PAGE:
2022 Kenya Trip Report
We enjoyed 11 glorious days traveling to three very different areas of Kenya: Samburu, Buffalo Springs and Shaba Game Reserves in the dry northern region; Lake Nakuru National Park in the rift valley; and the magnificent Maasai Mara Game Reserve in the south. We traveled in three safari vehicles, each expertly guided by Rockjumper’s Glen Valentine, Forrest Rowland and Daniel Danckwerts. All the participants, including ABA representatives Katinka Domen, John Lowry and Neil Hayward, rotated daily through the vehicles, such that everyone had the opportunity to ride with everyone else.
Our first and last nights were at the Nairobi Boma Inn. For those of us who arrived in advance, the garden on the hotel grounds provided us with our first sample of the local avifauna, with goodies such as Speckled Mousebird, African Paradise-Flycatcher, Red-faced Crombec, Bronze Sunbird, African Pied Wagtail, White-browed Sparrow-Weaver, and Baglafecht and Speke’s weavers.
We set out on a long drive from Nairobi, with stops at a wetland and the high-elevation Naro Moru River Lodge, picking up some great birds including Hartlaub’s Turaco. The next two nights were at the Samburu Simba Lodge, from which we explored Buffalo Springs, Samburu and Shaba, while also birding the lodge property. Highlights include Somali Ostrich (mating pair!), Vulturine Guineafowl, White-bellied and Buff-crested bustards, Pied and Diederik cuckoos, Chestnut-bellied and Black-faced sandgrouse, Gray-crowned Crane, Somali Courser, White-headed and Blue-naped mousebirds, Grant’s Woodhoopoe, Abyssinian Scimitarbill, Northern Red-billed and Eastern Yellow-billed hornbills, Red-fronted, Black-throated and D’Arnaud’s barbets, Pygmy and Red-necked falcons, Red-bellied Parrot, Pygmy Batis, Rosy-patched Bushshrike, White-crowned Shrike, Fischer’s Sparrow-Lark, Northern Crombec, Golden-breasted and Magpie starlings, Red-billed Oxpecker, White-browed Scrub-Robin, Eastern Violet-backed, Hunter’s, Marico and Black-bellied sunbirds, White-headed Buffalo-Weaver, Steel-blue Whydah, Golden Pipit, and Cinnamon-breasted and Somali buntings. I should also mention the Gambaga Flycatcher, an LBJ that excited the guides at the lodge, as it was a lifer for them all.
Being on safari, this was an opportunity to see not only birds, but also the great African megafauna. Mammals included the stately African Elephant, Grevy’s and Plains zebras, Common and Desert warthogs, the beautiful Reticulated Giraffe, Impala, Waterbuck, Grant’s Gazelle, the long-necked Gerenuk, the tiny Gunther’s and Kirk’s dikdiks, and the elegant Beisa Oryx. A Striped Hyena came at night to feed on scraps thrown over fence by the lodge staff. Best of all was a Cheetah with three cubs, which we encountered on two days; we observed the mother stalking prey, and the cubs playing on an anthill and in a ditch by the road – Africa at its best!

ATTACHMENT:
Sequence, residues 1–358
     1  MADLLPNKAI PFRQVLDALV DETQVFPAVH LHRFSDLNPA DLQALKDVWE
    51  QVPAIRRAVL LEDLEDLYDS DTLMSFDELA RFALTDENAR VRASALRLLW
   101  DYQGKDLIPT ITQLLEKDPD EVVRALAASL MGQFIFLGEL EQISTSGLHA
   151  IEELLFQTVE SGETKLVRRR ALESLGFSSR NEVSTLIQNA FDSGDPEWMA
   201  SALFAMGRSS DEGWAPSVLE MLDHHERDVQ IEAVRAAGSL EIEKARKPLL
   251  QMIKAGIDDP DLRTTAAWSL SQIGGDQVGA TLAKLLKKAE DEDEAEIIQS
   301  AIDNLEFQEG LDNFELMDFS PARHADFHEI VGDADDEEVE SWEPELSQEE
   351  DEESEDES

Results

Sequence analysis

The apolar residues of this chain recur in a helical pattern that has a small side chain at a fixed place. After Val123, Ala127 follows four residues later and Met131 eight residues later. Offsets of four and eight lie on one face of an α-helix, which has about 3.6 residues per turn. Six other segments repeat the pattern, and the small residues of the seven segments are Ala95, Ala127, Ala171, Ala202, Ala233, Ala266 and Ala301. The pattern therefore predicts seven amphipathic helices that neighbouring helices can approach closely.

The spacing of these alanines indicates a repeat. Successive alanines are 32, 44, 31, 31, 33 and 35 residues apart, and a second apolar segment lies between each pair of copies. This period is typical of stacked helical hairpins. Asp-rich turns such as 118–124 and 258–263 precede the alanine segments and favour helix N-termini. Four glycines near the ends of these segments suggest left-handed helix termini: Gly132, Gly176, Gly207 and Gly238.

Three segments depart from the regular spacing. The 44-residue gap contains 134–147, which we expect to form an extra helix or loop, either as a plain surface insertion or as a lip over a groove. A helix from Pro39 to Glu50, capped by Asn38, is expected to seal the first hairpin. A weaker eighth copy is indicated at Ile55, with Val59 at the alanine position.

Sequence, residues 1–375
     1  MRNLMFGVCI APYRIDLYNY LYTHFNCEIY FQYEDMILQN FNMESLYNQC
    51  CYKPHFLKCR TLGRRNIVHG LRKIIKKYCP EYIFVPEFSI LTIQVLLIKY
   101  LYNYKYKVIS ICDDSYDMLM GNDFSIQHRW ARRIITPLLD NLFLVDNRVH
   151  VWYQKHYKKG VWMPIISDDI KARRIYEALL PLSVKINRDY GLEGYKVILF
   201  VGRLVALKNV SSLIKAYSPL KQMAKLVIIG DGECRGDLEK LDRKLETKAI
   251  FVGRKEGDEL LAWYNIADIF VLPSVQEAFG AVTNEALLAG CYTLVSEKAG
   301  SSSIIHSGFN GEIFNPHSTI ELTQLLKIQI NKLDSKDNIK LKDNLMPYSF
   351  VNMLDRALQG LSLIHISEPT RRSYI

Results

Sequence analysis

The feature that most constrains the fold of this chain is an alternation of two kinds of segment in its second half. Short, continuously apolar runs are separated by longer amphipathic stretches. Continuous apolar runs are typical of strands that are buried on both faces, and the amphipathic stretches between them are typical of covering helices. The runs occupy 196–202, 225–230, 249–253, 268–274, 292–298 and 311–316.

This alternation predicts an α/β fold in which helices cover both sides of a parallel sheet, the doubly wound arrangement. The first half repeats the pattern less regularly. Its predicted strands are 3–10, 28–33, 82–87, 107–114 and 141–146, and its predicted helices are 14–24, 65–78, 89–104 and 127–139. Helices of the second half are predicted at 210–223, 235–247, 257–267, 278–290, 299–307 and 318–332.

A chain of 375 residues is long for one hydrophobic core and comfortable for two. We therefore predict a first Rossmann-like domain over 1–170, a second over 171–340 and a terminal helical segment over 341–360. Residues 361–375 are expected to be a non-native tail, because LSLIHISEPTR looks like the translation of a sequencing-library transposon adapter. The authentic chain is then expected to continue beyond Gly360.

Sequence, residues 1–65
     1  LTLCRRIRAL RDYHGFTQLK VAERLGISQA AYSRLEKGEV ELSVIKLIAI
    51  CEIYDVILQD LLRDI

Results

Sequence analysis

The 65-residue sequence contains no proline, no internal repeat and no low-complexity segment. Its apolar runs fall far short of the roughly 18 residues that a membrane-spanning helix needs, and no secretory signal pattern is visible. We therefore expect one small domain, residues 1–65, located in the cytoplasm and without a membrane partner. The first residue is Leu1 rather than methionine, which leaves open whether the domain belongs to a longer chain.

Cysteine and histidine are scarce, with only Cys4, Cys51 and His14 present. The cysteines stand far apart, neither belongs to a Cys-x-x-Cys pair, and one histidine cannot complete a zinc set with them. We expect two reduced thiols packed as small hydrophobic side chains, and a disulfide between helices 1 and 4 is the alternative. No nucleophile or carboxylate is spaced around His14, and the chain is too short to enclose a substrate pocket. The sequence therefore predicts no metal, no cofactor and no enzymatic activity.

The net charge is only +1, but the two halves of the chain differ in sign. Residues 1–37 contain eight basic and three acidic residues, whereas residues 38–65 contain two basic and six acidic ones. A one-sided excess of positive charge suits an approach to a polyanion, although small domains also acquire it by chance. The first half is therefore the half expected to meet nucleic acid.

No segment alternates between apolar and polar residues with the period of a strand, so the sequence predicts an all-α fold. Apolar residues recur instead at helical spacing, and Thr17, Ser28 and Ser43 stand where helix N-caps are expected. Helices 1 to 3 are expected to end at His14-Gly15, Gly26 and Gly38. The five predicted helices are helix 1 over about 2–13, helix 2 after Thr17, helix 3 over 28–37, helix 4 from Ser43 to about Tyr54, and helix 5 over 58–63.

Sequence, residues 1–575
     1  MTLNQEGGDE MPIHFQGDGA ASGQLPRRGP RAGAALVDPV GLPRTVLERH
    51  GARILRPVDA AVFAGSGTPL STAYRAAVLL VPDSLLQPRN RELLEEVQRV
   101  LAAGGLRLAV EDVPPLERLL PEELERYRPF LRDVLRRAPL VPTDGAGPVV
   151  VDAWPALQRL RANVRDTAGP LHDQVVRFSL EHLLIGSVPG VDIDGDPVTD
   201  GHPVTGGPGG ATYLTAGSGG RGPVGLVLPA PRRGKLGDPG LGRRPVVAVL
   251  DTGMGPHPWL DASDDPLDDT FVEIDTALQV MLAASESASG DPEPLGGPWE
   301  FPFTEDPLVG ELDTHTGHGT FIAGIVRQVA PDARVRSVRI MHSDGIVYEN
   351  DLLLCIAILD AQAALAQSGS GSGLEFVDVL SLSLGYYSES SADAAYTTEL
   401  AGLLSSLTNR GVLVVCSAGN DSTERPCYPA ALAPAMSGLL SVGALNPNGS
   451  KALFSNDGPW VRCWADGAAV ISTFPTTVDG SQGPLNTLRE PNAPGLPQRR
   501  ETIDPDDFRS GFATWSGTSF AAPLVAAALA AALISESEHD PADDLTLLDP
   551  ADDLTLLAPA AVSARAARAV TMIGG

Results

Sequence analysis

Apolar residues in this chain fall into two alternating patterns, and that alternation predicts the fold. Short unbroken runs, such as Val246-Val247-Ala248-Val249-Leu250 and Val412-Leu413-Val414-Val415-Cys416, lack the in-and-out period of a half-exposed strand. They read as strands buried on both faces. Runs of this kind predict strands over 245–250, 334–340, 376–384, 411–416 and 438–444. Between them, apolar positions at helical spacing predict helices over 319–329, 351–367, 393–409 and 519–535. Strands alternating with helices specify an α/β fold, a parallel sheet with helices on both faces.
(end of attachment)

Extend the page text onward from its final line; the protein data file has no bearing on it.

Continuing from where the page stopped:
The next day we traveled to Lake Nakuru, stopping at a few spots to add some good birds like Klaas’s Cuckoo, Lesser Jaçana, Mountain Buzzard, Cape Eagle-Owl and Sharpe’s Longclaw. Arriving at our lodge for the next two nights, the Sarova Lion Hill, we were surprised to be greeted with a fun native song and dance performance!
Lake Nakuru is famous for its spectacle of thousands of Lesser and Greater Flamingoes lining the shoreline. For several years they were absent from the lake because the water level had risen making it unsuitable for flamingoes. Fortunately, now the water has receded and the flamingoes have returned, gracing us with their pink beauty. We added many other water birds to our list, plus other specialties like Green Woodhoopoe, Common Scimitarbill, Southern Ground-Hornbill, White-crested Helmetshrike and Silverbird.
We were happy to see both Black and White rhinoceros, which sadly have been hunted out of other reserves by poachers. Other mammals added to our list included Rothchild’s Giraffe and African Buffalo. We enjoyed close encounters with Black-backed Jackals, as well as our first pride of female lions resting in the shade.
Finally, we traveled to the Maasai Mara, where we spent four nights at the Mara Simba Lodge. On the way we encountered our first Secretarybird and flock of seven species of swifts. After much searching we scored the range-restricted Kamaroja Apalis, a lifer for all participants including the guides and drivers!